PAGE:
CTV released a new poll by ThinkHQ Public Affairs for the Alberta provincial election last week, and it echoes what some other polls have been showing. Also released last week were a few riding polls for Lethbridge, indicating that the Tories are on track to sweep the city after it was closely contested in 2008.
The New Democrats come in third with 13% while the Liberals are fourth with 12%.
This poll was added to the projection on February 25.
This seems to give further indication that the race in Alberta is much more competitive than some other polls have suggested. Nevertheless, the Progressive Conservatives are very comfortably ahead.
Their widest lead is in Edmonton, where the Tories have 40% support to 20% for Wildrose and the NDP. The Liberals trail with 17%.
The margin between the PCs and Wildrose is only six points in Calgary, with 41% to 35%. The Liberals are third with 14% while the NDP stands at 7% in the city.
I reverse-engineered the results in the rest of Alberta as ThinkHQ did not provide them in their report. By my estimate, this poll would have put the Tories at 45% outside of the two main cities. Wildrose would be at 31%, the NDP at 13%, and the Liberals at 6%. I emphasize that this is an estimate, but it should be correct to within a point or three.
Both Alison Redford and Danielle Smith have net positive approval ratings, with Redford scoring a +21 (53% approval to 32% disapproval) and Smith a +13 (43% approval to 30% disapproval). Brian Mason (-15) and Raj Sherman (-11) have net negative approval ratings.
We've heard from Lethbridge College before. Polls being produced by colleges and universities are wonderfully common in the United States, but unfortunately Lethbridge College seems to be the only Canadian school that regularly puts out polling data. They polled the two ridings in Lethbridge, of note due to Bridget Pastoor's floor-crossing from the Liberals to the Tories in 2011.
Lethbridge polls to the current projections for these ridings. They line-up generally well, and aside from the NDP in Lethbridge East and the "Others" in Lethbridge West are all within the projected ranges. But since the results for the NDP and the Others in these two ridings are not within the ranges, I will be adding this riding poll to the projection. I have not done so yet, so this comparison between poll and projection does not include the riding poll data.
Riding polls are added to the projection to provide a benchmark for adjustments going forward. The projections for Lethbridge East and West will be weighted to partially include this poll, whose data will be adjusted as voting intentions shift at the regional level. In other words, riding polls are not added as a snapshot in time but rather a starting point for further shifts in support.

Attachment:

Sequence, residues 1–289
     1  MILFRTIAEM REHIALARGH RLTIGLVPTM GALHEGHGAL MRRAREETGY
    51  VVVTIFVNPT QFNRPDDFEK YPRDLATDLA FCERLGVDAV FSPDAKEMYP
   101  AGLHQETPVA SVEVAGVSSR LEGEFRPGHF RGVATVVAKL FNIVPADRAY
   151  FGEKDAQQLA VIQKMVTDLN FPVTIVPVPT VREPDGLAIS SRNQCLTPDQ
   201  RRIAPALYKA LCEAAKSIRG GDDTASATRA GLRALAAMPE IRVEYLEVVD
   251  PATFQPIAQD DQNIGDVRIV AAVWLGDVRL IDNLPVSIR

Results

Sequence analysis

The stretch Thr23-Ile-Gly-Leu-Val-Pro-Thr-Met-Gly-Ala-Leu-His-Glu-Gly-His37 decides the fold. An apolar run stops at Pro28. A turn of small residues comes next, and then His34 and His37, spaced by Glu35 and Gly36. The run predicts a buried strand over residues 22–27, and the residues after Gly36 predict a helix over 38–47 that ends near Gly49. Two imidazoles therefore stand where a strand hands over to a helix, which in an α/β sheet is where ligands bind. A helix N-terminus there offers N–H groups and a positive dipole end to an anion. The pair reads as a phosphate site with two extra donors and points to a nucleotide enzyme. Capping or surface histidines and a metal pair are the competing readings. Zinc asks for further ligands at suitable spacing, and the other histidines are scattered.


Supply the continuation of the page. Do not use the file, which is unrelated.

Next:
The poll itself shows that in Lethbridge West the Tories lead with 35.8%, well ahead of the Liberals (24.3%) and the NDP (20.6%). Compared to the 2008 election, however, the Tories are down eight points and the Liberals are down 11. Both Wildrose and the NDP have more than doubled their support, an indication of the changing landscape province-wide.
In Lethbridge East, Pastoor has taken a lot of her support with her to the Tories, as she stands at 45.6% to 23.4% for Wildrose and only 15.3% for the Liberals. The PCs have picked up six points since 2008 while the Liberals are down a whopping 31. But it appears likely that, as a result of Liberals moving over to the Tories, some Tories have moved over to Wildrose - they are up 17 points. The NDP is also up from 6% to 13.4%.
From a projection stand-point, I'm quite pleased that the mechanism I have for estimating the support of floor-crossers has worked so well in Lethbridge East.
Both the ThinkHQ and Lethbridge polls show that the Progressive Conservatives are still very much in control of the situation and that their brand is strong. But it also shows that Wildrose's increase in support is very real - from 7% and 6% in Lethbridge West/East they have gone to 15% and 23%, respectively. If this sort of increase occurs across the board, Wildrose will be able to do very well in ridings in which they have a solid base of support.
What these polls also show is that the race for third is not going well for the Liberals. Provincially they are at risk of dropping behind the NDP in the popular vote, as well as the very real possibility they will be the fourth party in the legislature when the dust settles. Their support in Lethbridge, just one example, has plummeted from 35% and 46% in the two ridings to only 24% and 15%. Considering the margin of error, they also at risk of falling behind the NDP in Lethbridge, after outpacing them by between 25 and 40 points in 2008. The race at the bottom may mark a shift in Alberta politics just as much as the race for the top.